Great news: WikiLeaks is set to target the banks

Neil Clark: Capital runs the world, not politicians, so the next ‘megaleak’ could be a real eye-opener

BY Neil Clark LAST UPDATED AT 15:44 ON Wed 1 Dec 2010

So Prince Andrew is "cocky" and Silvio Berlusconi has "a penchant for partying hard". If you're disappointed by the less than earth-shattering content of WikiLeaks' diplomatic cables, don't worry. Something far more interesting is coming next.

In an interview with Forbes magazine earlier this month, WikiLeaks' editor-in-chief Julian Assange announced that his site was planning another "megaleak" for early 2011, which would be from the private sector and involve "a big US bank".

"It will give a true and representative insight into how banks behave at the executive level", Assange predicted. He added that about 50 per cent of the documents WikiLeaks is currently sitting on relate to the private sector.

A WikiLeaks' shift from focusing on government to the world of big business would be hugely welcome. For the trouble with this week's release of US diplomatic cables is that it reinforces the belief that governments are the most important actors in world affairs. They're not. Capital runs the world, not politicians.

We saw this quite clearly here in Britain at the time of the general election in May. After the inconclusive general election result, "the markets" (whoever elected them, I wonder?) made it quite clear that they did not want a Labour-led coalition, which would cut public spending at a much slower rate than they required.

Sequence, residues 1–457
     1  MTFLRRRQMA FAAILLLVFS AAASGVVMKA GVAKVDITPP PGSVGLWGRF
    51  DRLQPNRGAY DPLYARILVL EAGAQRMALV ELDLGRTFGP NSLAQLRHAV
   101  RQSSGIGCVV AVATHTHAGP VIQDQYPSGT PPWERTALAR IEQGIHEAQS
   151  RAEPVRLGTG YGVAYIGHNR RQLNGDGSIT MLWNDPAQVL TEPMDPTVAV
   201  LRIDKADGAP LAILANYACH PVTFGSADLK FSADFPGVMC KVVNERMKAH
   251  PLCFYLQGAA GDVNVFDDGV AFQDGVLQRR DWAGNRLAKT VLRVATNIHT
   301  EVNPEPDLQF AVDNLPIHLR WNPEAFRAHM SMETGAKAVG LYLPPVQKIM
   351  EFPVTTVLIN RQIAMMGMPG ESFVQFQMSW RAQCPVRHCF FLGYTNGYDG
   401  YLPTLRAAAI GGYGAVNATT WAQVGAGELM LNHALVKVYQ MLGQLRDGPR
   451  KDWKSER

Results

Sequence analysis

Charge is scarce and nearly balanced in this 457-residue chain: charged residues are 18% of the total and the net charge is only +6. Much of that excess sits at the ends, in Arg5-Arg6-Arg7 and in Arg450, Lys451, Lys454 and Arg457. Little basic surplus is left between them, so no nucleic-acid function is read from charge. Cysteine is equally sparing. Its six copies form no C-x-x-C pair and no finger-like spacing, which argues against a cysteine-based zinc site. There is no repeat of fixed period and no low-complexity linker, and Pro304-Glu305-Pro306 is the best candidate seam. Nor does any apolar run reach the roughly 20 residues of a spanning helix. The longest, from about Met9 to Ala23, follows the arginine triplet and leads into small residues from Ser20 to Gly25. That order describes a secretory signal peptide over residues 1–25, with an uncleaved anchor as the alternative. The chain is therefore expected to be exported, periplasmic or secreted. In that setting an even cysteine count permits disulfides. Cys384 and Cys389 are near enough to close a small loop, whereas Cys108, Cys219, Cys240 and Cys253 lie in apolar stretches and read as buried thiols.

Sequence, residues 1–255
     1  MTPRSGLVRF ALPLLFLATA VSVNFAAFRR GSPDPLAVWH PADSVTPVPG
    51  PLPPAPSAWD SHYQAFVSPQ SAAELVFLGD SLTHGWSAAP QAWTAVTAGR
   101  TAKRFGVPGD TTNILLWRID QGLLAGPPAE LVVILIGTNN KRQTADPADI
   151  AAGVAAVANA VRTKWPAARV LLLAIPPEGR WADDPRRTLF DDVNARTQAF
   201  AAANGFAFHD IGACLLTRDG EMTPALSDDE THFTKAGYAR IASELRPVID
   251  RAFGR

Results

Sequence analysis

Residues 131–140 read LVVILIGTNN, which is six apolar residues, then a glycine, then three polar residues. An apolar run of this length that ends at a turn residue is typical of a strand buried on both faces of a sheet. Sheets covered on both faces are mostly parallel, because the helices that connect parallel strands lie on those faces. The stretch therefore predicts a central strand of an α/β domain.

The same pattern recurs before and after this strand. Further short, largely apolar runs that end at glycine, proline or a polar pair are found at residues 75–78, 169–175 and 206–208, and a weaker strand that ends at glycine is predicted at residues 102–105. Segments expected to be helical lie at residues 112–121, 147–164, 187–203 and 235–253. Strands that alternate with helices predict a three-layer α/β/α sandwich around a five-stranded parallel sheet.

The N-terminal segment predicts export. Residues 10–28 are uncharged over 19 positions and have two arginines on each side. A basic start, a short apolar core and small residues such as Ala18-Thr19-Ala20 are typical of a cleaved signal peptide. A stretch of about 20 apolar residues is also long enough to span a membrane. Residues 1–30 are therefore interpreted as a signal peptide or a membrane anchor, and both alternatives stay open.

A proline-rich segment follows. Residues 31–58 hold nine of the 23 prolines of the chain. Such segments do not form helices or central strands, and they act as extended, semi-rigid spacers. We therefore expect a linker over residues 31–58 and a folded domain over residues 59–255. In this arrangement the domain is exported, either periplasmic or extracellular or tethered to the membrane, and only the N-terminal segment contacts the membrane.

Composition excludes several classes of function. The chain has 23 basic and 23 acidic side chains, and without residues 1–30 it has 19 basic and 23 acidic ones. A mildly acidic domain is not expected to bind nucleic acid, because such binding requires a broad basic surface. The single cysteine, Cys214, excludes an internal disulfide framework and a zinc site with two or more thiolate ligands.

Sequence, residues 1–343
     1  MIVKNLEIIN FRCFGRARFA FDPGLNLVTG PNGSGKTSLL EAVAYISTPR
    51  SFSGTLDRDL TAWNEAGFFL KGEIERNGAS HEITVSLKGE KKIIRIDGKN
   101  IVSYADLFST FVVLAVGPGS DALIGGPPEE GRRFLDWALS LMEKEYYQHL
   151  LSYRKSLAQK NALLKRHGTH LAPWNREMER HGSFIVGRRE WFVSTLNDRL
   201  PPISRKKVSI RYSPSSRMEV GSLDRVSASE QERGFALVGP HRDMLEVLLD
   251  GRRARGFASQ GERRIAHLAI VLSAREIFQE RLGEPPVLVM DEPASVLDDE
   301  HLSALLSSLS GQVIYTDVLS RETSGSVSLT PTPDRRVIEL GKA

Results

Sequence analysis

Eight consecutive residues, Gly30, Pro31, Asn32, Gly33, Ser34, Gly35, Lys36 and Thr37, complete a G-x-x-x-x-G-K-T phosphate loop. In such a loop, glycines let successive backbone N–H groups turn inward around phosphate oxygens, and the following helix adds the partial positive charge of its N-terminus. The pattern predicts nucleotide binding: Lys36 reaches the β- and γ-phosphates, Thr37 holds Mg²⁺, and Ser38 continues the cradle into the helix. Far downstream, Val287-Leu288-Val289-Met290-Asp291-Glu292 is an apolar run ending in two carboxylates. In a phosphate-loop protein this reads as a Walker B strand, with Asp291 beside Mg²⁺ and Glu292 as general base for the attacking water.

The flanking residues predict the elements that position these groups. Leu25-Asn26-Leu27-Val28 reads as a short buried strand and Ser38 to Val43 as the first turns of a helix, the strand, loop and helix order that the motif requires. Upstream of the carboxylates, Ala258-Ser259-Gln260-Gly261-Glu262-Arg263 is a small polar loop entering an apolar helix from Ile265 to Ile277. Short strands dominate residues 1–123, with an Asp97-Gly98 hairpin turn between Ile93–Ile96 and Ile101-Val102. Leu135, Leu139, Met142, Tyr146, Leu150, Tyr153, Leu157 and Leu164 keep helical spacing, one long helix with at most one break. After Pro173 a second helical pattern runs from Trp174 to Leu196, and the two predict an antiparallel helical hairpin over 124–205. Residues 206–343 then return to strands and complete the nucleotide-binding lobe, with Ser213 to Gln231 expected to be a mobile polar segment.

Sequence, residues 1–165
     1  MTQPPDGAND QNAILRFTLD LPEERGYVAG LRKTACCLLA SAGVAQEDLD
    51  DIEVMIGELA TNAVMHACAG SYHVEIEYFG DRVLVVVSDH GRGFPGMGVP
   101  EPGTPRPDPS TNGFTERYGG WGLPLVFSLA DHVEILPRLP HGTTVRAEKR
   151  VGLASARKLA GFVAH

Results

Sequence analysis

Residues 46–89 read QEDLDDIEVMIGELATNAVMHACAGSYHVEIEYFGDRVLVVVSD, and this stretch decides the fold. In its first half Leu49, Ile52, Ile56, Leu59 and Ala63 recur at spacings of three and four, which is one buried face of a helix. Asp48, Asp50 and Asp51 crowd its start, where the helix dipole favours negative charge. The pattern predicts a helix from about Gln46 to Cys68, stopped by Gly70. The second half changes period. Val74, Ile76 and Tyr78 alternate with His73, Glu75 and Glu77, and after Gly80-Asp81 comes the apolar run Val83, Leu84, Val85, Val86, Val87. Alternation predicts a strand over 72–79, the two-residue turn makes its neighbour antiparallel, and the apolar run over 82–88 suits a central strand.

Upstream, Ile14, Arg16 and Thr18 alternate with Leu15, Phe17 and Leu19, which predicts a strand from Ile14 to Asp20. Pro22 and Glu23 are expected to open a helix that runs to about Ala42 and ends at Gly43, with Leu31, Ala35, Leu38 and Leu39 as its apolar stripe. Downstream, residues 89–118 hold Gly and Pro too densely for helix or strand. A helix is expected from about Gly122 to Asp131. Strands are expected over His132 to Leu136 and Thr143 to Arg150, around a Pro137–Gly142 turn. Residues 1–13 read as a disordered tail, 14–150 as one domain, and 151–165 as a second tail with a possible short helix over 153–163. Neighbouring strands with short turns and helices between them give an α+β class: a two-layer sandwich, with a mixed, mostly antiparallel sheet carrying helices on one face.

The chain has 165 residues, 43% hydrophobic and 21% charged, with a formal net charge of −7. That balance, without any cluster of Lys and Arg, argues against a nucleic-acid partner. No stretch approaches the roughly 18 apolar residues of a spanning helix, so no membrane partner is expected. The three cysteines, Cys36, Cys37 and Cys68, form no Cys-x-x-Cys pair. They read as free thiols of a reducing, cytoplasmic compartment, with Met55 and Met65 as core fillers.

Such is the power of international finance capital today that the money men can, in effect, bring down any government they wish - and exert enormous pressure on governments to do their bidding.

The people who really decide what happens in the world today are not politicians or diplomats, but bankers, hedge fund billionaires, bond holders, international 'investors' and currency speculators. If they want massive cuts in public spending, then we'll get massive cuts in public spending. If they want "regime change" in a certain part of the world, then we'll get "regime change".

In the same week that WikiLeaks' embassy cables were released we saw once again the grip that international finance capital has over democratically elected politicians.

In order to make sure foreign bond holders get paid, Ireland has effectively signed away its independence, agreeing to a EU/IMF "rescue package" that will mean years of austerity for its people. Far from "rescuing" Ireland, the "bail-out" is, as activist Brian Denny claimed at the huge public demonstration in Dublin on Saturday, "an example of monopoly finance capital effectively running the country".

In the interests of democracy, it's the "confidential" communications of the global money men we really want to be reading, not the opinions of some American diplomat on Silvio Berlusconi's party habits.

WikiLeaks has done some good work in this regard in the past. In 2009, they made public a 210-page document from the Kaupthing Bank, an Icelandic multinational, which revealed that, just prior to Iceland's banking collapse, the bank had loaned billions of euros to its major shareholders. The exposure not only led to the arrest of several leading Kaupthing bankers, but a massive public outcry.

Now, WikiLeaks needs to do more to expose the shady world of international capitalism and the negative impact it has on world affairs.

"It was the power of Business, not the deliberations of statesmen, that shaped the destiny of nations," wrote the novelist Eric Ambler. That was back in 1937. It's even more true today. Over to you, Mr Assange. ·